Child Behaviour and Emotional Problems
Fathers’ responses indicated that about two thirds (64%) of children showed average levels of behavioural or emotional difficulties, 9% of children demonstrated slightly raised levels of difficulties, 9% demonstrated high levels of difficulties and 19% demonstrated very high levels of difficulties.
Only 15% of fathers had participated in a parenting program or treatment for their child’s behaviour; however, participation tended to be higher (33%) amongst fathers who reported that their child had high or very high behavioural or emotional difficulties. Of those who had participated, around half found the programs helpful to either their child’s behaviour (52%) or their own parenting (49%).
Why Don’t Fathers Participate?
Most commonly, fathers indicated that they had not participated in parenting programs because they did not feel that their child’s behaviour was a problem (39%), they did not feel that they needed help with parenting (29%), they were concerned about the cost of the service (20%), they had work commitments (20%) and/or they did not know whether programs were effective (17%).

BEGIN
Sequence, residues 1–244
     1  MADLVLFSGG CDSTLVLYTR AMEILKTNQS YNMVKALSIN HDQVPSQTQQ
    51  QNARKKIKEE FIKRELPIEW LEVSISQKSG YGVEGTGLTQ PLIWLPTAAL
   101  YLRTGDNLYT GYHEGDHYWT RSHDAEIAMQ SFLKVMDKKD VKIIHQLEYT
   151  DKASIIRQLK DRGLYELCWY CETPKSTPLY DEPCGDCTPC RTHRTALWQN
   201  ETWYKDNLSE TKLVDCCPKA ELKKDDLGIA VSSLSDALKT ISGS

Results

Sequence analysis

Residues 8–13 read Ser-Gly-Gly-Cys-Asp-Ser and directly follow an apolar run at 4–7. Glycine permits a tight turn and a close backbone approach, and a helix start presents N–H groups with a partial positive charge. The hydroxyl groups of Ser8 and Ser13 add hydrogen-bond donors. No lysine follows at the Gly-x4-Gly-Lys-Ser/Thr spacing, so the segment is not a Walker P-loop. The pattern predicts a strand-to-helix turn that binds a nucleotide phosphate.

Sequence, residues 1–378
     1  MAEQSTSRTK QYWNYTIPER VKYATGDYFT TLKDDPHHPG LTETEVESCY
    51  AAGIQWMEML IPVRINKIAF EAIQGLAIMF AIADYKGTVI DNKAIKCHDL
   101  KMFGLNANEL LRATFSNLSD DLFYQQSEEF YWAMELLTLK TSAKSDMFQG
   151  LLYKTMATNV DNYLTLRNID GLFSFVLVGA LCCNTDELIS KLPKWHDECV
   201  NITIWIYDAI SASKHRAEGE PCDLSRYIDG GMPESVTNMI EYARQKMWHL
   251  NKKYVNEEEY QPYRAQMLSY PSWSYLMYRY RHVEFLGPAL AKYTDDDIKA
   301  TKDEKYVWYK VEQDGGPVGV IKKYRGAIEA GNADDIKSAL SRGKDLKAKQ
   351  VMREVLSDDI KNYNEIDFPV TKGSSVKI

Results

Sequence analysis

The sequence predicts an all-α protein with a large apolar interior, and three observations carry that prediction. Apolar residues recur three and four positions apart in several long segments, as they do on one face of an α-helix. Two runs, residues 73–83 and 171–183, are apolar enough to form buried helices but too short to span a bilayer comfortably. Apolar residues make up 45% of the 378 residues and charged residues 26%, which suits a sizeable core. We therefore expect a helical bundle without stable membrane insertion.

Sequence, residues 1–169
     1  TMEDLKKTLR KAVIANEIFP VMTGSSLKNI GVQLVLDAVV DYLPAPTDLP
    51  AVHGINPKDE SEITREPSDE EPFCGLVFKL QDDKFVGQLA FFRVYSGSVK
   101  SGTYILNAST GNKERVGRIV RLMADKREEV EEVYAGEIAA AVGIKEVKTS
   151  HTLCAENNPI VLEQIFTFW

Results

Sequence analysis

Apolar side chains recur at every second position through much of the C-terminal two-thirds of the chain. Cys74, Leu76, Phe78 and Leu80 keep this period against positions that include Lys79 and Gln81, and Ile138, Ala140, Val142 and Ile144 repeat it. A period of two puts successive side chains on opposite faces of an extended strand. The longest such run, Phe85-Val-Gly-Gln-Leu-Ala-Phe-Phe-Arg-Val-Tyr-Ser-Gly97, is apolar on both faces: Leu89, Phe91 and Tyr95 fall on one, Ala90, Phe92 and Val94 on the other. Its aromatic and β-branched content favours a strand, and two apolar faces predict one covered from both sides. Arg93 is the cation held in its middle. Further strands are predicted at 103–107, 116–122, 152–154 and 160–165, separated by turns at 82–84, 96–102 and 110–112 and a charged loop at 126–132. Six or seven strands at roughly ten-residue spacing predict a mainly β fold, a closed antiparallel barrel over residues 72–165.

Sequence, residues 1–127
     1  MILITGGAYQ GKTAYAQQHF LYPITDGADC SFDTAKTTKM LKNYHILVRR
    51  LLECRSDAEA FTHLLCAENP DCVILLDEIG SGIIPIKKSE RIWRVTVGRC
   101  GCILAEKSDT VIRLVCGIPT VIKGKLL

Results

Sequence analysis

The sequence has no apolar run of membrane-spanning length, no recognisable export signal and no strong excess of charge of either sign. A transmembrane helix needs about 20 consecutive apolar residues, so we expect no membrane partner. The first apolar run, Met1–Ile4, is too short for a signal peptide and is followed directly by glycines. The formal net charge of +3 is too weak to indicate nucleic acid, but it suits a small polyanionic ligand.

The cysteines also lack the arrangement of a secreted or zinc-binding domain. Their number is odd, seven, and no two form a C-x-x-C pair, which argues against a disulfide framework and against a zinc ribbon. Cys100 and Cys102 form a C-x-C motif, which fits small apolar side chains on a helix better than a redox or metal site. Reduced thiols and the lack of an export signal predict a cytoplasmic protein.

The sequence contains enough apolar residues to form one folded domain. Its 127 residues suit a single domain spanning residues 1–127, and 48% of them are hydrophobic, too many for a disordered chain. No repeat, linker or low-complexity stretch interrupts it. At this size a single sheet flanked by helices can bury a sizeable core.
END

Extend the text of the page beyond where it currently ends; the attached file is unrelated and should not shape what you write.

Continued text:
Fathers’ Preferences for Different Types of Programs
Internet-based programs appeared most preferred by fathers (72%), followed by one-off seminars (69%). Fathers were most interested in learning about the topics of bully-proofing their child (23%), helping their child with social skills (20%) and helping their child to solve problems without aggression (19%).